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The return of Agatha Christie

By Martin Mullaney

2022 has seen the Queen of Crime return from the dead. Martin Mullaney explores Agatha Christie mania.

2022 has, thus far, seen the release of both Death on the Nile, Kenneth Branagh’s star-studded Poirot adaptation, and See How They Run, a satirical send-up of the whodunnit centred around Agatha Christie’s famously unfilmable play, The Mousetrap. Lucy Worsley’s new biography of the author, which claims to have finally solved the real-life mystery of her much-publicised disappearance for 11 days in 1926, has seen commercial success and critical praise, as has Marple, a collection of twelve new stories about the unlikely detective. Before the year is over, the long-awaited sequel to Knives Out, the acclaimed Christie homage-cum-deconstruction, will come to Netflix. All of this begs the question: has Agatha Christie mania resurfaced, or did it ever really leave?

It doesn’t take much exercise of the little grey cells to realise that Christie’s work has been shaping culture for decades. Her well-worn tableaus of picturesque English villages beset by grisly murders, or opulent parlours in which an eclectic cast of suspects have been assembled, have become genre-defining. Her books have been no stranger to film and television translations either, with multiple popular series devoted to Miss Marple and Hercule Poirot, not to mention a string of both TV and Hollywood movies. It should hardly come as a surprise that, in a film landscape where every picture seems expected to produce a gaggle of sequels and spin-offs, one of the most enduring and popular detective characters in fiction, with a bottomless catalogue of stories ripe for adaptation, should find himself the hero of one such franchise.

The Queen of Crime’s media influence can be seen as self-propagating. With each new work inspired by, and necessarily using the tropes of, her original stories, those story elements become more and more ubiquitous. Thus, not only do we have a series of adaptations of Christie’s own work, but an ever-growing list of inspired stories, be they imitations, homages, or even parodies. In other words, a fairly straight line can be drawn from The Moving Finger to Midsomer Murders to Family Guy’s And Then There Were Fewer. Make of that what you will. It is no wonder, then, that come 2022, in which the world is more interconnected and media more accessible than ever before, that Agatha Christie’s influence can truly be felt.

What, however, has made her novels so impactful to begin with? One factor is certainly her writing style. Christie doesn’t mince words, nor does she waste them. Her novels manage to feel laser-focused, yet richly inhabited. Even in her most tedious works (The Mystery of the Blue Train comes to mind, though it certainly was fighting a losing battle as a train-themed Agatha Christie mystery), her economical yet gripping style never lets the reader become truly bored.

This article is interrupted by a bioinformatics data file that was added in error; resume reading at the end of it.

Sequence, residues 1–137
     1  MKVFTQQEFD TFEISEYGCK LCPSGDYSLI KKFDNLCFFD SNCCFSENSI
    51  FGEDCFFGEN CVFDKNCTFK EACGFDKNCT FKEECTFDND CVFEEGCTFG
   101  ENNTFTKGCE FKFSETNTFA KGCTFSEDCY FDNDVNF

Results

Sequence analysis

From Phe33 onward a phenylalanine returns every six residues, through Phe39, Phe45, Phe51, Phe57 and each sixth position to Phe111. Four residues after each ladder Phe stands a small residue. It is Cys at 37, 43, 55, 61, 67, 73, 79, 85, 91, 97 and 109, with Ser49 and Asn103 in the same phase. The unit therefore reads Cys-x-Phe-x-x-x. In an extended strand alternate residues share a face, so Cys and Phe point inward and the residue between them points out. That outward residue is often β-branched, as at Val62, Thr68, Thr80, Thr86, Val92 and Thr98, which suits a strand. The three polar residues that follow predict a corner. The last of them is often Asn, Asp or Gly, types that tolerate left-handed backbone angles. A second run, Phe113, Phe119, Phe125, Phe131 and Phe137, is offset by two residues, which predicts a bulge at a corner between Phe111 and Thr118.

This is emblematic of another strength that has kept Christie’s works in the zeitgeist: their consistency. Some may be weaker than others, but her books carry with them a general expectation as to the standard of writing, and, for the most part, meet or exceed it. The plots are, as many a detractor has pointed out, often consistent to a fault as well, as a list of suspects, predictably replete with affable former army men and efficient yet jealous secretaries, are carefully interviewed by the irreproachable protagonist, until the guilty party is finally revealed in a dramatic denouement. People will enjoy Poirot stories for many of the same reasons that they might enjoy a Batman comic: a hero with a set of simple, well-defined characteristics is plunged into a (albeit often superficially) new situation and must save the day. The static nature of such a hero, however, means that they can never have themselves or their worldview challenged, especially thought-provoking when it comes to Christie’s novels, where the murderers, suspects, detectives, and their friends, are almost exclusively upper class.

Poorer, uneducated people typically only exist in her novels as quickly discarded suspects, or fonts of exposition with interminable, phonetically articulated accents (Christie’s dialogue was, even her most ardent fans will admit, not her strongest suit). The world inhabited by Christie’s characters is, broadly, one in which wider social problems are ignored for the simple pleasure of solving a mystery, for good or for ill. That said, it is this consistency, both in terms of surface-level plot points and deeper subtextual issues, that makes the novels both break the mould and offer something unique. Be it in terms of plot (The Murder of Roger Ackroyd) or theme (Murder on the Orient Express) or both (And Then There Were None), they are always so very special.

So, whether you’re the kind of reader who likes to wait for the surprise, or the kind who pieces the clues together as they go along (or, in the case of Ackroyd, lie and pretend to have done so after the reveal), there will be, if this year is any indication, plenty more Agatha Christie to come.


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